Provided there is adequate search volume, the ads in lower positions can still get enough clicks to use up their daily budget, but the Cost Per Click will be lower, which means you get more clicks for your budget.
To get this right you need to do some experimenting and you also need to understand how many ads your target audience will click on before making a decision about who to buy or enquire with.
Move your ads up or down by changing your Maximum CPC Bid (while keeping an eye on your Click Through Rate and the Keyword Quality Score).
It takes some testing to find the right position for your ads. Ideally find the position where you are paying a lower Cost Per Click than the top spot, but still getting enough clicks per day and the outcomes that you want ie leads and sales.
5. Not Using Conversion Tracking
Not setting up Conversion Tracking means that it is harder to evaluate the return from your AdWords spend.
Also, you won’t be able to optimise your campaign for the high converting keywords while pausing the keywords that don’t convert well.
To set up Conversion Tracking:
- Go to the green “Reporting and Tools” tab and select “Conversion Tracking”.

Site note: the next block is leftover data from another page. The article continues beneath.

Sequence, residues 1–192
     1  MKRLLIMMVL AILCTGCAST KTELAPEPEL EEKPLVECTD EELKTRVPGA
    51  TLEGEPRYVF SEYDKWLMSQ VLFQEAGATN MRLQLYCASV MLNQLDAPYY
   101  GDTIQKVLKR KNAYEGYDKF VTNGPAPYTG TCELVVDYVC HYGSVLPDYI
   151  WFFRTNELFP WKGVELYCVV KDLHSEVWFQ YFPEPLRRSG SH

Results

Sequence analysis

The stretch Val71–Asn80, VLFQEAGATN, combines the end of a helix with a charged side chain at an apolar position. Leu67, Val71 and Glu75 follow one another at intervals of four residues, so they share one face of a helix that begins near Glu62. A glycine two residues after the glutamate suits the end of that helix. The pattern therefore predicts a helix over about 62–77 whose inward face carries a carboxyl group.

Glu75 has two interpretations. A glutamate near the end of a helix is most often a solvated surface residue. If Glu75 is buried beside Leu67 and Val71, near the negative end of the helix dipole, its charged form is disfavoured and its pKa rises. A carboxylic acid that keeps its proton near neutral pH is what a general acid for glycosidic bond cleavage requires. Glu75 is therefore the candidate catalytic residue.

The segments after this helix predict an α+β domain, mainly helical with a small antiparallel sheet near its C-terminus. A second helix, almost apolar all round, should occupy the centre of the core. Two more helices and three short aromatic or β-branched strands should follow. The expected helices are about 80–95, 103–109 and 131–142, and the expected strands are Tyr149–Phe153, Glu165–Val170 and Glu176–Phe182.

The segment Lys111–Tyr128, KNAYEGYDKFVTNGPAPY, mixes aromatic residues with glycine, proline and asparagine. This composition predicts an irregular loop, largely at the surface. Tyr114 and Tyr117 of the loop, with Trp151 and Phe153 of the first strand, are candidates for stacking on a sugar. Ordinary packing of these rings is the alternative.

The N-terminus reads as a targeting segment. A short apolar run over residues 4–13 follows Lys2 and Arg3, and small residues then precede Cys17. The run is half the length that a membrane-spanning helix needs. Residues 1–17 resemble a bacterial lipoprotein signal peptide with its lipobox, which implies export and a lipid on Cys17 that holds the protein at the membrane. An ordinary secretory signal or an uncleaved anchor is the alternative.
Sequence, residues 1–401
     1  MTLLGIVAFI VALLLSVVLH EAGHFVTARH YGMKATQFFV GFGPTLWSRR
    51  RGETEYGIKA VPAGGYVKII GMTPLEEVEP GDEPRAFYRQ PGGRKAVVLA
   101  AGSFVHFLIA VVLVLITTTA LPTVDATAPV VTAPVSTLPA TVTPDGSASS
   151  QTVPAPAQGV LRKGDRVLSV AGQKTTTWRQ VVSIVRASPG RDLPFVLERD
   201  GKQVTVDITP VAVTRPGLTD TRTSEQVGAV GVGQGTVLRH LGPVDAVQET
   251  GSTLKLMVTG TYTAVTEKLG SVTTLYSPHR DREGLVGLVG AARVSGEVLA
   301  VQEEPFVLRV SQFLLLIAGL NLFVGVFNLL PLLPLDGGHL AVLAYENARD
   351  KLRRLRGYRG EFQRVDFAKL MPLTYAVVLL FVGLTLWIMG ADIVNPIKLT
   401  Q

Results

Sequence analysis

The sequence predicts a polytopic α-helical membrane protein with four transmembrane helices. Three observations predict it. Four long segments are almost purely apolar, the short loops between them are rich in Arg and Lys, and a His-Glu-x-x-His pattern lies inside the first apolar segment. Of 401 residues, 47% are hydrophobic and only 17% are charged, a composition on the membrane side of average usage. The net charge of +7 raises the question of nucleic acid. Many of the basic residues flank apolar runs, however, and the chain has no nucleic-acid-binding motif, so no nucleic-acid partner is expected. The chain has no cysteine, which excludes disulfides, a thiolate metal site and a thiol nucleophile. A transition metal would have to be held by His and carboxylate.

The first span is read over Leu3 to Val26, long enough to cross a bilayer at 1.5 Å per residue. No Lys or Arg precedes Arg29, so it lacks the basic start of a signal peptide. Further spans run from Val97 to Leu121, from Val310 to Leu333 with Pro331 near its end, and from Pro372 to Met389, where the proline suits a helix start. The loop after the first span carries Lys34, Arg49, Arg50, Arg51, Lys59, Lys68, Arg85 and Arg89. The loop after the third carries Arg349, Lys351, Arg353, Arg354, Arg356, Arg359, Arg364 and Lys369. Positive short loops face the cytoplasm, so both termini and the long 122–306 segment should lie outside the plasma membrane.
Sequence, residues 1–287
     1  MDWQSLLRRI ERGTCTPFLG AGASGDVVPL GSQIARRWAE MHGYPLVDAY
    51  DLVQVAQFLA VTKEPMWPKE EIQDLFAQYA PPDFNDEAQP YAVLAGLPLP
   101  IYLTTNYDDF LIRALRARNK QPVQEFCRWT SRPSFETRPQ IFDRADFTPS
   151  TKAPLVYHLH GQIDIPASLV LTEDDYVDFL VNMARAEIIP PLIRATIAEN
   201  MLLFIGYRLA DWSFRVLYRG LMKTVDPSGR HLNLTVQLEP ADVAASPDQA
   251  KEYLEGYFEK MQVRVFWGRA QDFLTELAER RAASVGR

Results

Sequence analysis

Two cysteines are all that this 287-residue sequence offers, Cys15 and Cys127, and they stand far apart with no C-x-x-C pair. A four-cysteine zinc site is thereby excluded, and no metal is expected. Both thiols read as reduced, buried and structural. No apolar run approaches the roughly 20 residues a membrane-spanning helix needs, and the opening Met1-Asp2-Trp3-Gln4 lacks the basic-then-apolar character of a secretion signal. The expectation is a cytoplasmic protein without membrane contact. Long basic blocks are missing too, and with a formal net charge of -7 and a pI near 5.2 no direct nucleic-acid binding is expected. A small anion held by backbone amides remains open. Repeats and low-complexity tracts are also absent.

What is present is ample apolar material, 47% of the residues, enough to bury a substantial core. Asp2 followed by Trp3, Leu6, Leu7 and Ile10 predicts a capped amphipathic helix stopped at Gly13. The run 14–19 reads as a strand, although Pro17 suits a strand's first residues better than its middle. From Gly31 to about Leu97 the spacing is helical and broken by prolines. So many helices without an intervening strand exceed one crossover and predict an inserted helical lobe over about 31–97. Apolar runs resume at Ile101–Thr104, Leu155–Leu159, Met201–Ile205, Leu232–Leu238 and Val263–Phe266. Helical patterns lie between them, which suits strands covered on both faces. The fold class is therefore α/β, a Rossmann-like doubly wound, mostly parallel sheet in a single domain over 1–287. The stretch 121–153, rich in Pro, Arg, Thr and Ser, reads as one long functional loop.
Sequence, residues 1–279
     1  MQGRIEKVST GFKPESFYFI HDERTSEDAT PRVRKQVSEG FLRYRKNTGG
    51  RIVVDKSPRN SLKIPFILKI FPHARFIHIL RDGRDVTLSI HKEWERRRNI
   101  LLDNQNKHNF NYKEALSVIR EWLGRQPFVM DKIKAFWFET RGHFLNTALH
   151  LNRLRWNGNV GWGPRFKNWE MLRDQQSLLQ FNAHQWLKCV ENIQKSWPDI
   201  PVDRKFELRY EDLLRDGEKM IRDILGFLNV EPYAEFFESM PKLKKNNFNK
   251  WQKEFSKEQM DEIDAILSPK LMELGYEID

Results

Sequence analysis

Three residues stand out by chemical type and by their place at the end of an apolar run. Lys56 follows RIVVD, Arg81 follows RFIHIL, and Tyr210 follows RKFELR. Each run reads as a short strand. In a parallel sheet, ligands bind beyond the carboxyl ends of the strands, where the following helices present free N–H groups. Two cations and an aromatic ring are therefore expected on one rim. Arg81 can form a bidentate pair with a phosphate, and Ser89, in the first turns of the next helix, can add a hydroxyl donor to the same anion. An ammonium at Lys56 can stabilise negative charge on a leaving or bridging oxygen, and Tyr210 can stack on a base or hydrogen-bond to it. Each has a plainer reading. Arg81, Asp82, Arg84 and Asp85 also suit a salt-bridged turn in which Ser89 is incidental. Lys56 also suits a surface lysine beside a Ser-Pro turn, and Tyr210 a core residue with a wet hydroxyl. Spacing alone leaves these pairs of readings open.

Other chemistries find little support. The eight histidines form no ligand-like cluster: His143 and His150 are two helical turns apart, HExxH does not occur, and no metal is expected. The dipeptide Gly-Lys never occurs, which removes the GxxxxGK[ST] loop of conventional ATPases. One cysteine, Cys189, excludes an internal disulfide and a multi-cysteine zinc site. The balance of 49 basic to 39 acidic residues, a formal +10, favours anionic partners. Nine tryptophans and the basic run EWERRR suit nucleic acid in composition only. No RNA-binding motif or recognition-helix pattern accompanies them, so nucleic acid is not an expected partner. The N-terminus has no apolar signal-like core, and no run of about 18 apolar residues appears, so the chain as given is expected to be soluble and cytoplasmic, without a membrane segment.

- Follow the steps to add a new conversion
- Conversion Tracking is easiest to set up if everyone that completes a specified action is directed to the same page of your website. For example, everyone that completes an order on website www.buyme.com.au is directed to the page www.buyme.com.au/order-success Your web developer can add a Conversion Tracking code to that page.
- Once the tracking is set up and working, conversions can then be linked to the keyword that was typed into Google before someone clicked on your ad and followed through to making a purchase.
- Conversion Tracking lets you see how much you pay in AdWords spend to get an order (or whatever type of conversion you have selected).
Make Sure You Work with a Google Qualified Partner
If you choose to outsource your AdWords management you can avoid another common mistake by making sure that you work with a Google Qualified Partner. Otherwise, you may be paying someone who doesn’t have a full understanding of all the different aspects of AdWords.
AdWords can be an effective way to promote your business in Google but it also requires skill and regular monitoring to make sure you’re getting the best possible return from your spend.
Melinda aka Mel is a Google Partner, Google Ads & Consultant, Speaker and Trainer and co-owner of Click-Winning Content. Mel provides results-driven services to organisations around the world and is committed to never using an acronym without explaining it first. She also likes greyhounds as pets, grand slam tennis, cracked pepper and Melbourne sunsets. Please connect at the links below.